Ryan made two counter-arguments, one practical and one political, against the concern raised by Shannen Coffin and others that an optional flat tax will increase the complexity of the tax code instead of reducing it. “The practical argument is, people have their lives organized around the current code . . . You’ve got to give people time to adjust and prepare. When you completely convert over to a system by halting a tax expenditure, you [introduce] a lot of economic dislocation to the economy . . . You can smooth that transition.” (more…)



Tuesday, October 25th, 2011
The Wall Street Journal

  • OCTOBER 25, 2011

My Tax and Spending Reform Plan

Individuals will have the option of paying a 20% flat-rate income tax and I’ll cap spending at 18% of GDP.

The folks in Washington might not like to hear it, but the plain truth is the U.S. government spends too much. Taxes are too high, too complex, and too riddled with special interest loopholes. And our expensive entitlement system is unsustainable in the long run.

Without significant change quickly, our nation will go the way of some in Europe: mired in debt and unable to pay our bills. President Obama and many in Washington seem unable or unwilling to tackle these issues, either out of fear of alienating the left or because they want Americans to be dependent on big government.

Related Video

Kim Strassel explains the Texas governor’s tax reform plan.

On Tuesday I will announce my “Cut, Balance and Grow” plan to scrap the current tax code, lower and simplify tax rates, cut spending and balance the federal budget, reform entitlements, and grow jobs and economic opportunity.

The plan starts with giving Americans a choice between a new, flat tax rate of 20% or their current income tax rate. The new flat tax preserves mortgage interest, charitable and state and local tax exemptions for families earning less than $500,000 annually, and it increases the standard deduction to $12,500 for individuals and dependents. (more…)



Monday, October 24th, 2011
Updated: Sun., Oct. 23, 2011,  home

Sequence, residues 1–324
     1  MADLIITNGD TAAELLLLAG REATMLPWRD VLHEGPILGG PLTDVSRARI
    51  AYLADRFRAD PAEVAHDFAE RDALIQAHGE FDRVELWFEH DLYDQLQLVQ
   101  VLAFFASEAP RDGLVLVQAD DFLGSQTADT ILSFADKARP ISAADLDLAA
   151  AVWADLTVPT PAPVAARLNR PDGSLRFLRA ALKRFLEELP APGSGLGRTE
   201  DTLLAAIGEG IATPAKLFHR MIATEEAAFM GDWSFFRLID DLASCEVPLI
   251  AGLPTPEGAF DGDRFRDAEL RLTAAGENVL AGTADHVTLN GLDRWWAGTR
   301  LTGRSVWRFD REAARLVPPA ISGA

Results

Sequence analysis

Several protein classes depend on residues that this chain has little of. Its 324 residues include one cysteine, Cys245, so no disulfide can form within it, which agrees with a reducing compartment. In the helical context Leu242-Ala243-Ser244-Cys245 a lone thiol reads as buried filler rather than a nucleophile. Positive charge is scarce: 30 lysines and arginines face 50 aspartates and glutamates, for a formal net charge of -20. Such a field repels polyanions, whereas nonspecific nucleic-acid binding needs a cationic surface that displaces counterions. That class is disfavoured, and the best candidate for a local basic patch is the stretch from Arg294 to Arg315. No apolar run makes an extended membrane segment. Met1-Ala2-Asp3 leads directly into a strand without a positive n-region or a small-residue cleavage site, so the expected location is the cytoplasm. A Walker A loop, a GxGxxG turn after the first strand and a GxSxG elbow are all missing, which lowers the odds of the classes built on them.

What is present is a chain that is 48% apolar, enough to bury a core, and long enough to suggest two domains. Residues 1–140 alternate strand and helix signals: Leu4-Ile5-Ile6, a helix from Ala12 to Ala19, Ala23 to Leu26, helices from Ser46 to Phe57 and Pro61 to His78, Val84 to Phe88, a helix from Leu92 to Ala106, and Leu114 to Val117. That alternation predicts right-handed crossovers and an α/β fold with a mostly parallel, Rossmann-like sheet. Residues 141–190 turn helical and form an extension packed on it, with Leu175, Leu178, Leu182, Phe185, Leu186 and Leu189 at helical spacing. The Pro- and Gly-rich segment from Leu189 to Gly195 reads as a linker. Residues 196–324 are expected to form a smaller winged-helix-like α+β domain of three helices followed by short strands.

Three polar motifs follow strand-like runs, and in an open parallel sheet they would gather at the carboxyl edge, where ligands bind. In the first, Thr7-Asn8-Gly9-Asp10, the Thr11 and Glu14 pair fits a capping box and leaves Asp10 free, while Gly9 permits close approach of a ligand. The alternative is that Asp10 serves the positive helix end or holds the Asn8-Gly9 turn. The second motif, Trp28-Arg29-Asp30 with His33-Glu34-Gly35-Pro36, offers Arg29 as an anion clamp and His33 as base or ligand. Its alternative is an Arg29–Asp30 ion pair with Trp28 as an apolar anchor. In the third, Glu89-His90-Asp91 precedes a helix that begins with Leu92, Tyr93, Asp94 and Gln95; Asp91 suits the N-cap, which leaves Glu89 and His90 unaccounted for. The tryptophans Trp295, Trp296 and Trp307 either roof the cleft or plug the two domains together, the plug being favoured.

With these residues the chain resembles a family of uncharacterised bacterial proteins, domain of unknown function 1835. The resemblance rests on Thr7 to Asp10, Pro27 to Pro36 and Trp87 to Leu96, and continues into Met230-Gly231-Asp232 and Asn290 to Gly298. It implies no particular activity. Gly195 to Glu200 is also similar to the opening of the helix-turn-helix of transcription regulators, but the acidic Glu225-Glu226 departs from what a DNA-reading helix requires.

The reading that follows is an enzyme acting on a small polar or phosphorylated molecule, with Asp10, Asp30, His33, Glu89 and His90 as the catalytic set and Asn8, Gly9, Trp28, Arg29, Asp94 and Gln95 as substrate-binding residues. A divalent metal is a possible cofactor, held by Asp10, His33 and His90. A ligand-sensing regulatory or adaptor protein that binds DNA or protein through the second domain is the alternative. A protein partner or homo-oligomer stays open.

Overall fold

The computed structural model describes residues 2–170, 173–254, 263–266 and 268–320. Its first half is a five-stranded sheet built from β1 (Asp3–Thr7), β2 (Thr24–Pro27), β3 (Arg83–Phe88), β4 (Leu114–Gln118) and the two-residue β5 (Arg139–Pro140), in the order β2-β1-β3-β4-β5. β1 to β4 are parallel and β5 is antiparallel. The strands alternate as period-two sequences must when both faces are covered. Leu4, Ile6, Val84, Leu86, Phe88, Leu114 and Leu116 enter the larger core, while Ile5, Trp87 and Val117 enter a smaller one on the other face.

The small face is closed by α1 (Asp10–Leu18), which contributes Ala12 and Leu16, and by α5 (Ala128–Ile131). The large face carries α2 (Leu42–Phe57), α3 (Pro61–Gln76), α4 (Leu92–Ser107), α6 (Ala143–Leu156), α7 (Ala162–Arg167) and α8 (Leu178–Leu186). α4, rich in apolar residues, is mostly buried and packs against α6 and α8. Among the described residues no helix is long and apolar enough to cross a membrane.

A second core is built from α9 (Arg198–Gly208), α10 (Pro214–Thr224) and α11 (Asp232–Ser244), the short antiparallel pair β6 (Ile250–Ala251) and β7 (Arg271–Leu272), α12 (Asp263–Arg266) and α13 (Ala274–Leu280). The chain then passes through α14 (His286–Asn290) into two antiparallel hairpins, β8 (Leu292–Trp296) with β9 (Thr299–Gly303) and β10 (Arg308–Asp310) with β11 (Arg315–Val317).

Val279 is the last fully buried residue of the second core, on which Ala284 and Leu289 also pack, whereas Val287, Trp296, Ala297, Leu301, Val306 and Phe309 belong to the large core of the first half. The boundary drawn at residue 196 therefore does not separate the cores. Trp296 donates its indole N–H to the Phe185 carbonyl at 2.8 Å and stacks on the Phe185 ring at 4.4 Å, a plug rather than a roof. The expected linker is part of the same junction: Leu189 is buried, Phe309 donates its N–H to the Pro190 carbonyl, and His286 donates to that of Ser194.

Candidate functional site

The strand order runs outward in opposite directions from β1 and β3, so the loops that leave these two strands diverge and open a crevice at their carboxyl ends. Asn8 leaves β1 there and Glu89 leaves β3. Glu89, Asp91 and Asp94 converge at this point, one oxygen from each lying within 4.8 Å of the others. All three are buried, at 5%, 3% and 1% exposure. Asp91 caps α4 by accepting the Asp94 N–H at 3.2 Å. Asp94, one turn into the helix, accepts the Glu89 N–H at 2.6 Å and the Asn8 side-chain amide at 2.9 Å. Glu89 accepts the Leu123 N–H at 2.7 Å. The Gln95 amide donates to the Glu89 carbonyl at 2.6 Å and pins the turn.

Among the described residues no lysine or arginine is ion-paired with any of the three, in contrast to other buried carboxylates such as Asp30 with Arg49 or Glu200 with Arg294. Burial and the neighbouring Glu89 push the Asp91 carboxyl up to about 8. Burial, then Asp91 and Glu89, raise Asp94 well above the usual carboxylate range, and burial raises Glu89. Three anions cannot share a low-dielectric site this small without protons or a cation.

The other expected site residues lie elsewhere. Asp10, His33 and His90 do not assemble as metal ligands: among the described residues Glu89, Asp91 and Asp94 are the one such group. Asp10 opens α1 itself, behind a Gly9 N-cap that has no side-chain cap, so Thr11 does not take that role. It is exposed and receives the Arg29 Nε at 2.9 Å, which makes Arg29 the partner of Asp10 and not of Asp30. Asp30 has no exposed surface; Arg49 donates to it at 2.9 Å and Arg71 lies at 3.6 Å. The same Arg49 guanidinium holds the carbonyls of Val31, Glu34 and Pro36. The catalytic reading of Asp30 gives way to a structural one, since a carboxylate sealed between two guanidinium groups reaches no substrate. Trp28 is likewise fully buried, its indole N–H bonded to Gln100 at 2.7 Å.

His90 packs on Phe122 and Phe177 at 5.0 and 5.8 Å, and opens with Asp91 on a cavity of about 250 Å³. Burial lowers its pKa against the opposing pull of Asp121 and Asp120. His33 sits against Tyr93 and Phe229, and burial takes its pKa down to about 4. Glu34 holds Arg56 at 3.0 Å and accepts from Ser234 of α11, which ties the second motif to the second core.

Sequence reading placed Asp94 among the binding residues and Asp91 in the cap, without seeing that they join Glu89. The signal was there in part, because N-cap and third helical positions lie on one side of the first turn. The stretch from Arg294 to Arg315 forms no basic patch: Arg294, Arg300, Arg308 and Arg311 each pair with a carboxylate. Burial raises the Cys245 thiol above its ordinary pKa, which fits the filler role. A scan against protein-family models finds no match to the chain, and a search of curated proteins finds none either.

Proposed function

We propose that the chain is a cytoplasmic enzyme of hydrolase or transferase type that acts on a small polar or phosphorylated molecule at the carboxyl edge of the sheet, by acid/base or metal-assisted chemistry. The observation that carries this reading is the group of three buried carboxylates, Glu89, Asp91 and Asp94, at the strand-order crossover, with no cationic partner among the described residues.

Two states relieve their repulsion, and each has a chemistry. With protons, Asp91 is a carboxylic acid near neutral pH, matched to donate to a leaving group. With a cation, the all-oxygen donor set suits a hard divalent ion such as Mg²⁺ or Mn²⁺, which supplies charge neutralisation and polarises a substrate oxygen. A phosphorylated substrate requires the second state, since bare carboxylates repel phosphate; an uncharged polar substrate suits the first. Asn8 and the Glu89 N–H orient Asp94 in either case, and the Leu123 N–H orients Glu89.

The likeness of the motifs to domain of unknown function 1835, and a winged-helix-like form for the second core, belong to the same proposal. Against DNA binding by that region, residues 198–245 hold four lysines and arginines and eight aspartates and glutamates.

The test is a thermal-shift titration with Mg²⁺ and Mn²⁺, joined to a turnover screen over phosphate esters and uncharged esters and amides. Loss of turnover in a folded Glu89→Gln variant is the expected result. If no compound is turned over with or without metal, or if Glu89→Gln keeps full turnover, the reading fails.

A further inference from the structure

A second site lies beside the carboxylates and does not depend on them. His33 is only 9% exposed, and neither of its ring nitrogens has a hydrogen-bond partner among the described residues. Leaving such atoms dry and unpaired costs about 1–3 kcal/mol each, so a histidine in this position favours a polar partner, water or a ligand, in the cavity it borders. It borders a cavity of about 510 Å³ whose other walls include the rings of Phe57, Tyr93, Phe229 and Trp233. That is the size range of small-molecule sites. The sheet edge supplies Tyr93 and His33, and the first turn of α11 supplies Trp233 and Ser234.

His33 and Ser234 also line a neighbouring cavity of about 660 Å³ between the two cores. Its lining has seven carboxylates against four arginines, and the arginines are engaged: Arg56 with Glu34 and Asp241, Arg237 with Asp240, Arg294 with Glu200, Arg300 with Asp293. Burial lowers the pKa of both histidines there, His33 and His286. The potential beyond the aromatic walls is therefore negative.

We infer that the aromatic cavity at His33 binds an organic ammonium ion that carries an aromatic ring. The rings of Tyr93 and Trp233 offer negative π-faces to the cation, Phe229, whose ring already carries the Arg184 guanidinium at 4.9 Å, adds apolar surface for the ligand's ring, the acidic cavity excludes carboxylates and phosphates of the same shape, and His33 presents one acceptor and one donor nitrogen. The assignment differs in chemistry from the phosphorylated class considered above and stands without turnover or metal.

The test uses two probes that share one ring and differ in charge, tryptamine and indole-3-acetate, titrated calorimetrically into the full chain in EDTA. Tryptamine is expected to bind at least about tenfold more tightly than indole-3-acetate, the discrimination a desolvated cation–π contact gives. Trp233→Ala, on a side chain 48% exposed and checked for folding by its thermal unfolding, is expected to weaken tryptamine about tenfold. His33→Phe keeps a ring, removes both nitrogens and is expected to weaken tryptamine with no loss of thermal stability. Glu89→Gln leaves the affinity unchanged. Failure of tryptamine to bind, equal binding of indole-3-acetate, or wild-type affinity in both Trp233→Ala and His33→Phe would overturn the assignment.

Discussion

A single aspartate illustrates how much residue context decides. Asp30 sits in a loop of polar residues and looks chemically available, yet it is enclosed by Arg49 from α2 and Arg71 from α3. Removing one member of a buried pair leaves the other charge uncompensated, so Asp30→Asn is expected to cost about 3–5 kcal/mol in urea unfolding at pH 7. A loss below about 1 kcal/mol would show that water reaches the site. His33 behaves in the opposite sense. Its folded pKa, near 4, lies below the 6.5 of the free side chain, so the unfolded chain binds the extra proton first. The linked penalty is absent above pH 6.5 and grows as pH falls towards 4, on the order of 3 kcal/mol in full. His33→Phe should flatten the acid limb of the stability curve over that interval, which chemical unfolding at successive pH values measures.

Feeling flat


Last Updated: 12:27 PM, October 23, 2011

The nightmare on Main Street — the federal income tax code — is ending, which is fantastic news for our beleaguered economy. Dramatically simplifying this monstrosity would unleash a powerful wave of prosperity and job creation.

Thankfully in 2012 we will get a mandate to make this happen. Presidential contender Herman Cain vaulted to the head of the Republican pack when he proposed his 9-9-9 plan — a flat 9% income tax, corporate tax and national sales tax. Even better, Texas Gov. Rick Perry will, in a few days, unveil his version of a flat tax, a concept that I have long advocated.

To put things in perspective: Lincoln’s Gettysburg Address, which defined the character of the American nation, is only 272 words; the Declaration of Independence, 1,500 words; the Constitution with all its amendments, 7,200 words; and the Bible, which took centuries to put together, 773,000.

The federal income tax code and all its attendant rules and regulations — almost 10 million words and rising.

The code has been changed 14,000 times since 1986; last year alone there were 500 changes. The cost of compliance is horrific. The IRS itself calculates that we spend more than 6 billion hours a year filling out tax forms, the equivalent of almost 3 million full-time jobs. The Tax Foundation calculates that by 2015 annual compliance will be costing the American people some $483 billion a year. (more…)



Sunday, October 9th, 2011



Wednesday, October 5th, 2011
The Wall Street Journal

  • SEPTEMBER 30, 2011

Flat Is the New Fair

Is President Obama paving the way for GOP tax reform?

‘Suddenly, liberal Democrats are making the same argument about the tax code that I’ve been making for 20 years,” laughs former Republican House Majority Leader Dick Armey. “Welcome to the party.” Mr. Armey, who along with Steve Forbes has been the torch bearer for the flat tax since the early 1990s, believes that the latest applause line from President Obama that “billionaires should pay the same tax rate as janitors” may be the political gateway to sweeping tax reform.


Flat-tax proponent and former presidential candidate Steve Forbes

Mr. Forbes sees an opening here too and says: “The flat tax is the perfect issue for these times. It fixes the economy and doesn’t cost a dime.” He’s right. It’s the teed-up GOP response to a jobless recovery and the near-universal sentiment among voters that the tax code is corrupt beyond repair.

That case is inadvertently helped as Mr. Obama and his new best friend, billionaire Warren Buffett, barnstorm the country trashing the tax system for, as the Oracle of Omaha puts it, “coddling the super rich.” In truth, the system isn’t nearly as skewed in favor of those at the top of the income pyramid as they allege: Today the top 1% pay 38% of the income tax. But in Washington, perception drives policy. The virtue of a flat tax with no deductions is that it provides an ironclad guarantee that the rich pay no lower a tax rate than janitors and secretaries. (more…)